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The demand for judicial independence


[files] Judiciary Staff Union of Nigeria (JUSUN) shuts down Federal high Court, Supreme Court, Court of Appeal and others in Abuja…yesterday. PHOTO: LUCY LADIDI ATEKO

The ongoing strike action embarked upon by the Judiciary Staff Union of Nigeria (JUSUN) is no doubt worrisome, as it further tilts the order and stability of the country, currently hinged on a precarious footing, towards the precipice. Although the stakeholders are in talks with the Federal Government with a view to resolving the complaint, it is important that appropriate steps are adopted to ensure financial autonomy for the Judiciary, and thus enable that arm of government to play its appropriate role in a true federation with separation of powers.

At a time that the nation is battling with an increase in the rate of insecurity, occasioned by kidnappings in the South-South, banditry, and insurgency in the North, ethnic unrest in parts of the Southwest and attacks on Police units in the South East, the absence of the Judiciary to create a semblance of order is indeed a recipe for chaos.


The grouse of the Union is the persistent refusal and or reluctance by state executives to enforce what is termed “financial autonomy” in the Judiciary as dictated by Section 121 subsection (3) of the Constitution of the Federal Republic of Nigeria, 1999 (as amended), which provides that “any amount standing to the credit of the Judiciary in the Consolidated Revenue Fund of the state shall be paid directly to the heads of the courts concerned.”

It would not be the first time the Union would embark on such an industrial action to press home its demands, as a similar action was taken in January 2015, which lasted four weeks. The argument usually put forward by the states has been the paucity of funds which they claim are dictated by what accrues from the Federation Account and the Internally Generated Revenue (IGR); as such, state governments cannot accept or agree to the wholesale release of funds to the Judiciary, particularly where capital expenditures are involved.

While this may be the case, the executive must realise that the Judiciary is an independent and equal arm of government, whose needs and priority should not be paired with agencies and or ministries under its purview. Funds due to the Judiciary should be released to the state heads of court in good time, without the need for the heads of court begging for same, a situation that makes a mockery of the principle of separation of powers which the country professes to operate. The executive powers of a state extend to the execution and maintenance of the Constitution, and the refusal of these state executives to give effect to the express provisions of the Constitution is a breach of the Constitution which they pledge to defend. When will elected officials realise their position of trusteeship, public officers employed to execute the will of the people as succinctly codified in the Constitution? The provisions of the Constitution do not leave room for the exercise of their discretion in the matter.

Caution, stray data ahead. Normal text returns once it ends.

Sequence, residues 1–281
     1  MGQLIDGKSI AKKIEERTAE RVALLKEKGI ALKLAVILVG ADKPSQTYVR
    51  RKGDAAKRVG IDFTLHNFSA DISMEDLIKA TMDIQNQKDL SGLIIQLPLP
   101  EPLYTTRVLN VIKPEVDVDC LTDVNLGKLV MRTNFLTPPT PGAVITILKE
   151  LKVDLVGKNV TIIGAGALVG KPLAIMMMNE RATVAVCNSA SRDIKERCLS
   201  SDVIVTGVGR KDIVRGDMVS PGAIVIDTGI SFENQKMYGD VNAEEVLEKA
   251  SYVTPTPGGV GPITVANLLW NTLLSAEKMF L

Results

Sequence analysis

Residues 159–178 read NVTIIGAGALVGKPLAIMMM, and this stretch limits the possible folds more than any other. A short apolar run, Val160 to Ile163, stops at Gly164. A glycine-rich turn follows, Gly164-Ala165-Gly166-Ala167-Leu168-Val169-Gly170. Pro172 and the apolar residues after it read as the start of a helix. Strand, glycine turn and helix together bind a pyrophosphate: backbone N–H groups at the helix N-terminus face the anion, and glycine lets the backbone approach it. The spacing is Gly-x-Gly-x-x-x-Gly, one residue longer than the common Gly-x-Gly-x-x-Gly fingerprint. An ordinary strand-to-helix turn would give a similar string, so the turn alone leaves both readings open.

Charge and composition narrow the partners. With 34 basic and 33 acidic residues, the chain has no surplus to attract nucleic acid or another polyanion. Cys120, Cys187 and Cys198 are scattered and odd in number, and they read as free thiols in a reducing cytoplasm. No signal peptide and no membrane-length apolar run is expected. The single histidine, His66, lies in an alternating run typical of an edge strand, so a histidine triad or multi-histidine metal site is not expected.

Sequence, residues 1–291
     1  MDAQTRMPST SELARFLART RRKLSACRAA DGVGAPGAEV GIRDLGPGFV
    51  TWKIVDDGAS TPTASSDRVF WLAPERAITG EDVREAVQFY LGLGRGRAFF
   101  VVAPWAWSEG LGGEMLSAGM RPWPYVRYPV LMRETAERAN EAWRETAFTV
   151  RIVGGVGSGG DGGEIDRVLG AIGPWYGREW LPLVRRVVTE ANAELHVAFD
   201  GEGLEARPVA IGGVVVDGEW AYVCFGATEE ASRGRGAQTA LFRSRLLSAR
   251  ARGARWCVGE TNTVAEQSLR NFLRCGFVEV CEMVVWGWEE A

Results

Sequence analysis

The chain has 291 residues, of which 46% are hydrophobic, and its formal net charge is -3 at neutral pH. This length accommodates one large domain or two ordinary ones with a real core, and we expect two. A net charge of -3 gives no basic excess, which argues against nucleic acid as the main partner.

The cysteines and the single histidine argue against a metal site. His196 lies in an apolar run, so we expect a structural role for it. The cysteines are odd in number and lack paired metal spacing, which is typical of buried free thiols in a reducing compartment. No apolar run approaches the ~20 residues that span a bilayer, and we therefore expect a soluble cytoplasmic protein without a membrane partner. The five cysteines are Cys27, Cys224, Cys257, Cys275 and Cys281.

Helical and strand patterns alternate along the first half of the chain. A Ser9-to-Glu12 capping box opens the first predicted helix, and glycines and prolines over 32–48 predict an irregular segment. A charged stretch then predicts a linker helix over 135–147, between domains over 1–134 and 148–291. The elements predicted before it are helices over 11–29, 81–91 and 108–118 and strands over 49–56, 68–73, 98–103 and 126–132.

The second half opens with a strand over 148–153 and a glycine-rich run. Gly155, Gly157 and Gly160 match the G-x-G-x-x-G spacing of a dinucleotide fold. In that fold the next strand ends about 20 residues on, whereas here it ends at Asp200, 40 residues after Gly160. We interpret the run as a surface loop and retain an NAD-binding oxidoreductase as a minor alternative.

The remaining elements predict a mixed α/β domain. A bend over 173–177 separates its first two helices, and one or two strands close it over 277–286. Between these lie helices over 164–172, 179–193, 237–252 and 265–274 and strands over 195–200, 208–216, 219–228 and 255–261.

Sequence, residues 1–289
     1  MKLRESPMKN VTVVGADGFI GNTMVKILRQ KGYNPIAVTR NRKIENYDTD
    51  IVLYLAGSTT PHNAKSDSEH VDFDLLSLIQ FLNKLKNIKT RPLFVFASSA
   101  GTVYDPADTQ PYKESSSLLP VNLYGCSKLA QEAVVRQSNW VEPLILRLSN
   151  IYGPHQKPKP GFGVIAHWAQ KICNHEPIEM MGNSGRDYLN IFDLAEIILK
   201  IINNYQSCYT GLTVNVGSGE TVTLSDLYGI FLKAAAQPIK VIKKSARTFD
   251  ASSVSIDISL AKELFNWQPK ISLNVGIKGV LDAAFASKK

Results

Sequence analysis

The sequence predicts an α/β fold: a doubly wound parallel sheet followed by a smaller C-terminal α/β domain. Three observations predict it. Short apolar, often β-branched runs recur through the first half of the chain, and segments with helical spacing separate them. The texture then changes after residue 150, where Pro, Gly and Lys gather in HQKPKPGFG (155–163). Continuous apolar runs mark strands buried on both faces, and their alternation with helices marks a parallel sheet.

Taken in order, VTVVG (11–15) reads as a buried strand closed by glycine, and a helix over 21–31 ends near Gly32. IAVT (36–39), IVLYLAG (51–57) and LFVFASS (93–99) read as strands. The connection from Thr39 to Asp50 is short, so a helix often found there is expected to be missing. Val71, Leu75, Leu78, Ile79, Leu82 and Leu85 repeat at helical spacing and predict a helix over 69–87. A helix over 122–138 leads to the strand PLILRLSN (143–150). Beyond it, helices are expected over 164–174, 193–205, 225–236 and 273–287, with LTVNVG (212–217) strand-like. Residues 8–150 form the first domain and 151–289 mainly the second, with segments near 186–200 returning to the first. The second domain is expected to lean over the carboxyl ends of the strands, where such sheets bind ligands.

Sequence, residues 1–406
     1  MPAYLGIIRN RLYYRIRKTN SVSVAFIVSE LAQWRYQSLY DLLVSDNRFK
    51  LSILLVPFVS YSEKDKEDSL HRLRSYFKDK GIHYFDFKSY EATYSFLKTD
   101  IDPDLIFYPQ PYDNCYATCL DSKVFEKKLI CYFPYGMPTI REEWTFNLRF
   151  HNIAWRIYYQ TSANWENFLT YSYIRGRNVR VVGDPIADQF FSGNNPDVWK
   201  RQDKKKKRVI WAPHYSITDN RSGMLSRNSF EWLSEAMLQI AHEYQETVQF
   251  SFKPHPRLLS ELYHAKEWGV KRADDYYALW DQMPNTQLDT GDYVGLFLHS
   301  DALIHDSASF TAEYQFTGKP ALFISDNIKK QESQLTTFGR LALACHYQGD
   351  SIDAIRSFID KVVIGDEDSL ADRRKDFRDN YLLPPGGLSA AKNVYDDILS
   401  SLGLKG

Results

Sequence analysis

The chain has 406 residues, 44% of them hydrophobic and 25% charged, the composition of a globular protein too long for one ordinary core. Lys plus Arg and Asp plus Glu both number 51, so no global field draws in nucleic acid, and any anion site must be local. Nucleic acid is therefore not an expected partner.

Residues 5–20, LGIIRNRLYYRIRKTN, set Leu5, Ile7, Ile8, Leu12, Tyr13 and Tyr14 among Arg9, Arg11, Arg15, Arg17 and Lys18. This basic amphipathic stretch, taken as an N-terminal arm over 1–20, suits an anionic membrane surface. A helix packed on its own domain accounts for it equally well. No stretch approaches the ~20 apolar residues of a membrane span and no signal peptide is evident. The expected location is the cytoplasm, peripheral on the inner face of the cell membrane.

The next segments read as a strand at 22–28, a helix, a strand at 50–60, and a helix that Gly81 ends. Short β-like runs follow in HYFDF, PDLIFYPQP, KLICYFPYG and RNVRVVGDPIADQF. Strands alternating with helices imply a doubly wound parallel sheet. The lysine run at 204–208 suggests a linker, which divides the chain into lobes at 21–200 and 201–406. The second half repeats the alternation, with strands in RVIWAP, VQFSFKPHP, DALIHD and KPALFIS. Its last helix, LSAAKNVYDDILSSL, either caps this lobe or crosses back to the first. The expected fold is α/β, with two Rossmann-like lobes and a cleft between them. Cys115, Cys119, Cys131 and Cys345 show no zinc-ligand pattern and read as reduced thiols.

Often regarded as the last hope of the common man, and the bastion of order in a democratic society, the Judiciary plays a critical role in the development and sustenance of democracy. And the provision for its adequate funding cannot be overemphasized as this would enable it to carry out those constitutional duties with which it has been saddled, ensure requisite checks on the other arms of government, and in no small measure guarantee its independence.

Nigerians continue to lament the inadequate number of judges, congestion of court dockets, and the inordinate length of time it takes to conclude matters brought before the courts, situations that could be addressed if the Judiciary receives its fair share of the state’s revenue as at when due. These issues have a direct negative impact on the nation’s economy as foreign investors are often dissuaded from investing in an environment with a poor justice delivery system.

However, as opined by Nigerian Bar Association, in a statement signed by its President, Mr. Olumide Akpata, in an attempt to convince members of the union to reconsider its industrial action, while the spirit behind the action is commendable, the timing poses potentially devastating consequences for justice administration in the country, coming on the heels of the lockdown occasioned by the COVID-19 pandemic.


Therefore, critical stakeholders must find a way to resolve this seeming impasse for the sake of the poor masses, who are usually the victims in these situations. Court activities across the nation having been paralysed, aggrieved litigants unable to approach the courts for justice are tempted to resort to self-help, thus leading to a state of chaos, at a time when the capacity of security agencies are already wearing thin owing to the innumerable security challenges currently plaguing the nation.

The silence of the Federal Government on the matter is not golden, particularly as the action by the Judiciary Staff Union coincides with ongoing strike action by resident doctors in the country over unpaid salary arrears and non-review of hazard allowance and members of the Academic Staff Union of Polytechnics (ASUP) over unpaid salary backlogs, amongst others. Indeed the plethora of protesting workers calls to question the competence of the current administration in running the country when considered against the backdrop that ample notice had been issued by these bodies. What Nigerians need at the moment is a government that is responsive to their needs, and this administration is doing little to assure Nigerians that it fits the bill.


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